Prayers for Childbirth: Christ as Companion

prayers for birth: Christ as companion

The prayer that got me through the toughest part of my labor with my first baby was—quite unexpectedly—part of the prayer of the breastplate of St. Patrick.

This was a prayer that I was familiar with but never felt any particular affinity for. Yes, it was a lovely prayer; yes, it came from my Irish heritage.

But I was blown away by how perfectly it spoke to me in that moment of helplessness, of needing to know I was being held by something—by Someone—stronger than myself.

Here are the words that I made my husband read and reread to me during my labor.

The surroundness of Christ has perhaps never been as real or as strong as it was for me in that moment.

Christ be with me, Christ within me,
Christ behind me, Christ before me,
Christ beside me, Christ to win me,
Christ to comfort and restore me.
Christ beneath me, Christ above me,
Christ in quiet, Christ in danger,
Christ in hearts of all that love me,
Christ in mouth of friend and stranger.

Recently I happened upon a passage in John’s Gospel that stopped me in my tracks: again, a familiar passage that I had never read so personally or poignantly. Jesus speaks of the pain of childbirth in a real and intimate way. He even compares the laboring woman to his wondering followers—probably to the shock of more than a few men in his company!

But what struck me most about this passage was what it says about Incarnation: that Jesus knew and experienced the fullness of what it means to be human. Somehow, mysteriously, that could have included the experience of birth and the pains of labor. The closeness of God and the knowingness of Christ remain mysteries to us all.

So I read these words today as yet another reminder that Christ is our closest companion, whether we labor in delivery rooms or at office desks or under the hot sun.

Behind us, before us, beside us, beneath us. We will have pain, but our pain will turn to joy.

And no one will take our joy from us.

Jesus knew that they wanted to ask him, so he said to them,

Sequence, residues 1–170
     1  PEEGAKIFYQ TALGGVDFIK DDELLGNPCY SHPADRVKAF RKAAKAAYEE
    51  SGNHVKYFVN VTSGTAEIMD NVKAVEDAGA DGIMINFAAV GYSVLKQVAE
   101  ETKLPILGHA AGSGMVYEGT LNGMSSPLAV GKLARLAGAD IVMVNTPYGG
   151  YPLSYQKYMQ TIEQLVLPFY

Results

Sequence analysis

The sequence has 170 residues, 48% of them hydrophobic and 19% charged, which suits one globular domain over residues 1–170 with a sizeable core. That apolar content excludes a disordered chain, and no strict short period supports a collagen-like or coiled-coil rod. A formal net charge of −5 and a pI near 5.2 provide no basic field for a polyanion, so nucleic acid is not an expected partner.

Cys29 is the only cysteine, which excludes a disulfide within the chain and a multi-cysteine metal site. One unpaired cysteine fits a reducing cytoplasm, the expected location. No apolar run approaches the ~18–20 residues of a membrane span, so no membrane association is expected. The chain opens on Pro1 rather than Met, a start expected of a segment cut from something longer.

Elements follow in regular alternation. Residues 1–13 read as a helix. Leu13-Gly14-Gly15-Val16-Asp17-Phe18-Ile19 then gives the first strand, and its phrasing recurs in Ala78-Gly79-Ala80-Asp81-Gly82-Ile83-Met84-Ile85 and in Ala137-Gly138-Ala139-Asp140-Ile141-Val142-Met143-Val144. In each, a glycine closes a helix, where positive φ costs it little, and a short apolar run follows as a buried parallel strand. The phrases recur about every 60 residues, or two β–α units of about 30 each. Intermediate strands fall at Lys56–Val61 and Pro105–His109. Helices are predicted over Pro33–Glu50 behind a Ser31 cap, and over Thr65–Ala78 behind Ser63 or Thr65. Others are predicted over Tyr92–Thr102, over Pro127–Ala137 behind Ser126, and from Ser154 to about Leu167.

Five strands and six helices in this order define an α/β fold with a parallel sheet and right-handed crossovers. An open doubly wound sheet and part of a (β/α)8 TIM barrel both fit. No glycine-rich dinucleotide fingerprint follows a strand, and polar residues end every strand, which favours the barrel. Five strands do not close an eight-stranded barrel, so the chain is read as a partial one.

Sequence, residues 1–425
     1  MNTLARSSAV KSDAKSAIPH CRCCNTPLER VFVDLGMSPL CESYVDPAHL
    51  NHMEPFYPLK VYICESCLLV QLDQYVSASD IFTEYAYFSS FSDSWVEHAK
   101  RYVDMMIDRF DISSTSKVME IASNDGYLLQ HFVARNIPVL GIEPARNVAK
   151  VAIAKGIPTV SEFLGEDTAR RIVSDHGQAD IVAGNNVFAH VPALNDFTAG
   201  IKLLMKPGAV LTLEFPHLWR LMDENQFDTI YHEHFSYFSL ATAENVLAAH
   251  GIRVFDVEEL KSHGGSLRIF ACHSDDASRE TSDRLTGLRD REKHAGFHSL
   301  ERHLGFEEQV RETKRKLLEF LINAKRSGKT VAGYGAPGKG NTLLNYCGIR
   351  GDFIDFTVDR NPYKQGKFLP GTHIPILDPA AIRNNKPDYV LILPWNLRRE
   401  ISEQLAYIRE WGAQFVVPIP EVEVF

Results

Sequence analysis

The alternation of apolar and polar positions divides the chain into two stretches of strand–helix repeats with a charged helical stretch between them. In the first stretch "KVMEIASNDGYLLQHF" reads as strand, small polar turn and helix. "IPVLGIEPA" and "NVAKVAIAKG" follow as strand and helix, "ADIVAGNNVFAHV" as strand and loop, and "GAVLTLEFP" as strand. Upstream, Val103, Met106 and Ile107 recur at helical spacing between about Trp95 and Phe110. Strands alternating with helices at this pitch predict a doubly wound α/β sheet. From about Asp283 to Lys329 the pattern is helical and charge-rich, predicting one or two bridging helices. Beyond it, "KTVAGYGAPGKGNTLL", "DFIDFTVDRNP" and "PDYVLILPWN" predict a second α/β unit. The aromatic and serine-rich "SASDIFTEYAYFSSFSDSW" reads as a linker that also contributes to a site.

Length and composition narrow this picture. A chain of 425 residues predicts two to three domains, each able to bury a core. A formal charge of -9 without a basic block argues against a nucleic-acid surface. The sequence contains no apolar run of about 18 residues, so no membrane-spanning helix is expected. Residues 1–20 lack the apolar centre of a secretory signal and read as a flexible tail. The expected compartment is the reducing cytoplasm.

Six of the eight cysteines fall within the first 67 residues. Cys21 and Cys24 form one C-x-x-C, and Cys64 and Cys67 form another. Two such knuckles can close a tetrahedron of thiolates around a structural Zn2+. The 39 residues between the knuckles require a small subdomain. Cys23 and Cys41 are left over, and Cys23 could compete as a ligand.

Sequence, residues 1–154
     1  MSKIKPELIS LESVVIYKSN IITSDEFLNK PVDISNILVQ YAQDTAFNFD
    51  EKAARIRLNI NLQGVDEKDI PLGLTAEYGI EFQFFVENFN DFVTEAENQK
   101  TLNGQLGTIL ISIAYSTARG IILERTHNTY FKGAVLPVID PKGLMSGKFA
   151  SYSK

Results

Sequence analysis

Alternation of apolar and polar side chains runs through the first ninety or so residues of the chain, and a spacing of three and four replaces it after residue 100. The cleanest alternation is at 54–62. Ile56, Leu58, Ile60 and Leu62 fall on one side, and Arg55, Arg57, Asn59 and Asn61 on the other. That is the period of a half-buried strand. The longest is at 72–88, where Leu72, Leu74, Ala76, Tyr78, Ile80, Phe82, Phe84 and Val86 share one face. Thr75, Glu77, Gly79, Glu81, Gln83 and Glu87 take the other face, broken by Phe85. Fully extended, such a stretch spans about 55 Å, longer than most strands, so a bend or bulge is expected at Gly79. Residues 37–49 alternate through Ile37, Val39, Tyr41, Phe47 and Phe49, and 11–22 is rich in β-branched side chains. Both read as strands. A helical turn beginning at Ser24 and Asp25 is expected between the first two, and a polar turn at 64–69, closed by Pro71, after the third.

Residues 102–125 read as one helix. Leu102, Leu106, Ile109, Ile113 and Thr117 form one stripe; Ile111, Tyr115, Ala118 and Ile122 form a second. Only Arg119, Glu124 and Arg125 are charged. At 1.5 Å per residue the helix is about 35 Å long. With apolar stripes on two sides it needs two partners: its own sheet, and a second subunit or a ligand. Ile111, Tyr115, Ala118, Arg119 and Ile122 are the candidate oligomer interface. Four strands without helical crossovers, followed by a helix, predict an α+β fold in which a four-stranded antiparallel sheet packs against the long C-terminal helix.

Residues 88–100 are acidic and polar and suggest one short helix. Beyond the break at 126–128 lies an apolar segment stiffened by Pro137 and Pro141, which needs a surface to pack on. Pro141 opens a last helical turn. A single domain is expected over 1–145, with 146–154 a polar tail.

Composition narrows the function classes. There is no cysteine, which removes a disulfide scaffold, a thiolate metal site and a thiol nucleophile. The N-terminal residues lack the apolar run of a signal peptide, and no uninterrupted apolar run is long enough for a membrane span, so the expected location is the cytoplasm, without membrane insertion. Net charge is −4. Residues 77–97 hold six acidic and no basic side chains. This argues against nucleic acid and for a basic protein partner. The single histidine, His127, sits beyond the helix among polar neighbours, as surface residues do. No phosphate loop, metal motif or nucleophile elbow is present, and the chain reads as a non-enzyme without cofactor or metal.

‘Are you discussing among yourselves what I meant when I said,
“A little while, and you will no longer see me,
and again a little while, and you will see me”?’

Very truly, I tell you, you will weep and mourn, but the world will rejoice;
you will have pain, but your pain will turn into joy.
When a woman is in labor, she has pain, because her hour has come.
But when her child is born, she no longer remembers the anguish
because of the joy of having brought a human being into the world.

So you have pain now; but I will see you again,
and your hearts will rejoice, and no one will take your joy from you.”

(John 16: 19-22)

Read the other posts in this series:

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  1. mothering spirit on 14 July 2011 at 1:38 pm

    Absolutely – thank you, Sherry!

    • Sherry on 18 July 2011 at 11:57 am

      Done! Also tipped you to Creative Minority Report, they’ve linked to your next post, this is beautiful writing. You have a real gift!

      • mothering spirit on 18 July 2011 at 1:58 pm

        Thanks, Sherry – I really appreciate your kind words!

  2. Sherry on 14 July 2011 at 1:26 pm

    This is gorgeous, both in spirit and in word. May I link to it?

  3. Amy B on 12 July 2011 at 3:49 pm

    Beautiful again! How quickly we forget the pain (before and after birth) and long for another sweet child!:). I can’t even imagine what heaven must be like after the toils on earth! It is good to be reminded to keep our eyes pointed heavenward.

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